The words “abuse” and “dependence” describe a destructive relationship to alcohol or drugs. In fact, health professionals and addiction specialists make a distinction between abusing a substance and becoming dependent on it.
Often in popular culture and present in a lot of the population’s perceptions, drug and alcohol use is seen to be caused by individuals not having the willpower to stop using. In fact, people try to go “cold turkey” in order to stop using. This could have significant medical complications and can even put an individual’s life at risk.
In order to stop taking a substance that you have become addicted to; medical help is often required. It is important to recognise that addiction is a disease of the brain. If people could just choose to give up on their own, they would. Even faced with extreme consequences both socially and physically, making the changes can seem impossible. There are complicated mechanisms hard at work inside the brain of someone caught in an alcohol addiction, which can make this process very difficult.
A detox program is designed to provide support and to guide through the withdrawal process. It is designed to ease symptoms and to provide care for any medical and mental issues.
There is a distinction between fixed-dose detoxification regimes and symptom-based detox regimes. A fixed-dose regime is written at the point of assessment by the prescriber. The prescriber will ask the client how much of the drug/alcohol they have been using and then write a detox regime based on that information.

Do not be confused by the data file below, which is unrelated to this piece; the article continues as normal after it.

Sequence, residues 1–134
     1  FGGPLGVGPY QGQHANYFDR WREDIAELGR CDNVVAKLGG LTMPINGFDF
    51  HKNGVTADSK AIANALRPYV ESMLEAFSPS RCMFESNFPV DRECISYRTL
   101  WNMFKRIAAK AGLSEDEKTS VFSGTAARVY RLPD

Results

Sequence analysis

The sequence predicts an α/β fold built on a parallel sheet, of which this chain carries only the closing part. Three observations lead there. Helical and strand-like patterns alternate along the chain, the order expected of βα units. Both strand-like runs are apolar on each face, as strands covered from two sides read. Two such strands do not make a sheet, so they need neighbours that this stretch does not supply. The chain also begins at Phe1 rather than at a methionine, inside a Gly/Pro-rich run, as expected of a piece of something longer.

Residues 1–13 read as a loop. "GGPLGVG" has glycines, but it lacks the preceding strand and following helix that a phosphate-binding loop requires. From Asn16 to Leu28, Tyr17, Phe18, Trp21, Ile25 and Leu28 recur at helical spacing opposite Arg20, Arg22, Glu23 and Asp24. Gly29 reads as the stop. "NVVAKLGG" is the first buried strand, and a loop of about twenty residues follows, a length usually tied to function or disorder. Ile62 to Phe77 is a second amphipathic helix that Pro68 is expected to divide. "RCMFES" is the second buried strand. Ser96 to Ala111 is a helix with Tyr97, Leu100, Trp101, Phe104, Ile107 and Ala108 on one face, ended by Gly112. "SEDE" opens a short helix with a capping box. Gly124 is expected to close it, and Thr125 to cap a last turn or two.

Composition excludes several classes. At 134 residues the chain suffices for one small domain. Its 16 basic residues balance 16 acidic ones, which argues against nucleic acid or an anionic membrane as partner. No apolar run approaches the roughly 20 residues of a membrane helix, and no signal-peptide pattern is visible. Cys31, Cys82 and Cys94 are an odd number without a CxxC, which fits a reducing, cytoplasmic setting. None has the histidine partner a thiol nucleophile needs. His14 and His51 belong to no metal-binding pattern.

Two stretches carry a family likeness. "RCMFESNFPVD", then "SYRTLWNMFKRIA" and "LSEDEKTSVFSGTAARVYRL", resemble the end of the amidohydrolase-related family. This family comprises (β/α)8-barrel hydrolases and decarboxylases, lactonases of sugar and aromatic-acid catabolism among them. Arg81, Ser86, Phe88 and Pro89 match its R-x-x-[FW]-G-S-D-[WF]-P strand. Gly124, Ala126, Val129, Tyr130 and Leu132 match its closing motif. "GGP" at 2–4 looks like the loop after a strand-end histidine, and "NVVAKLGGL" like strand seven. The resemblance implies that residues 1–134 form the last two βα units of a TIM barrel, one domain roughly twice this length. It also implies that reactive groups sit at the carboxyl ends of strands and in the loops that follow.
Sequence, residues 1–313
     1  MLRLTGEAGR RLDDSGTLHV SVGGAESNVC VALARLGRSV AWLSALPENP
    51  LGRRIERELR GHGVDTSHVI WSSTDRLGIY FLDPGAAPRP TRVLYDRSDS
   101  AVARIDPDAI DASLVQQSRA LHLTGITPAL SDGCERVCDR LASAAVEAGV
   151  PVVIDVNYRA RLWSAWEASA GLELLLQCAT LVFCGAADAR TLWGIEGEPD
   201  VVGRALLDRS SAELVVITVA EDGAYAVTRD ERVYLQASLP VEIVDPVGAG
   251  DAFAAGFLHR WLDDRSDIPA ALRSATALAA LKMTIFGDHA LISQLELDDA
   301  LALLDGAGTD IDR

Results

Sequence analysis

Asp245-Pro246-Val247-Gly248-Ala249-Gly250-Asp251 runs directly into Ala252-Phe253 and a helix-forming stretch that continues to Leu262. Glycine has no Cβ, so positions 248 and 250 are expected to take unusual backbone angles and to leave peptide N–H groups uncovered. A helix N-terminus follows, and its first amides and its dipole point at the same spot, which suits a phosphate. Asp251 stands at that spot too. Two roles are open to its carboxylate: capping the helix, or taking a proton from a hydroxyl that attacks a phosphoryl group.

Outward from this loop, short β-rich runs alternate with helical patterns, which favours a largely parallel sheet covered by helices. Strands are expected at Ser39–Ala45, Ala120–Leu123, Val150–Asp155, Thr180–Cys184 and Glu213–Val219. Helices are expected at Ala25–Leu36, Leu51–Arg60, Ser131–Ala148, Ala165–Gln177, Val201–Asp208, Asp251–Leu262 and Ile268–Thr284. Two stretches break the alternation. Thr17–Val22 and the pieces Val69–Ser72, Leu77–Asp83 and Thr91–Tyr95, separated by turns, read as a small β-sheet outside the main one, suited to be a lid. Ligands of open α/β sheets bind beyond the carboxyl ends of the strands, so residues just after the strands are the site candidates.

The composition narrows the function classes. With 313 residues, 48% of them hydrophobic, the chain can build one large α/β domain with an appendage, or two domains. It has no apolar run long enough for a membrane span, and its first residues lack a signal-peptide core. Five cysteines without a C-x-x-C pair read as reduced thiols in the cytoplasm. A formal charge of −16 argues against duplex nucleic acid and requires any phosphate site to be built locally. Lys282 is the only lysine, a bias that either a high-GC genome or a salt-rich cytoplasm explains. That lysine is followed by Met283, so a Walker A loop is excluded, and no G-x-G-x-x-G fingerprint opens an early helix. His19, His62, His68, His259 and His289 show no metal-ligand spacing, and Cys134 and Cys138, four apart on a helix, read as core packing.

The main issue with this approach is it doesn’t consider how much people under or overreport their use. An individual can sometimes over report in order to be prescribed more of the substitute drug in the misguided belief that this will make the detox easier for them.
But in fact, the vast majority under report their usage. This is linked with the shame and guilt that people feel around their substance misuse. Also, people can be in denial around their usage, if they have been keeping to a narrative in order to hide their shame, then it can become difficult for the individual to accept this narrative isn’t accurate.
A symptom-based detox is a detox that is monitored by medical professionals. The detox dose and rates are informed by the symptoms that the client is experiencing. The client is closely monitored for withdrawal symptoms and the dose of medication is prescribed to meet the individual’s needs.
The benefits of this approach are that the client is receiving the amount of medication necessary. This prevents over-sedation from too much medication or discomfort from not receiving enough. When clients only have a limited time to engage in the necessary therapeutic work, the advantages of this style of detox is significant. This also is recommended by the NICE guidelines as best practice care. The medical team at Lovelong house take the symptom-based detox approach to care.
For more information on Lovelong Detox Packages, please contact us for a free assessment and further information.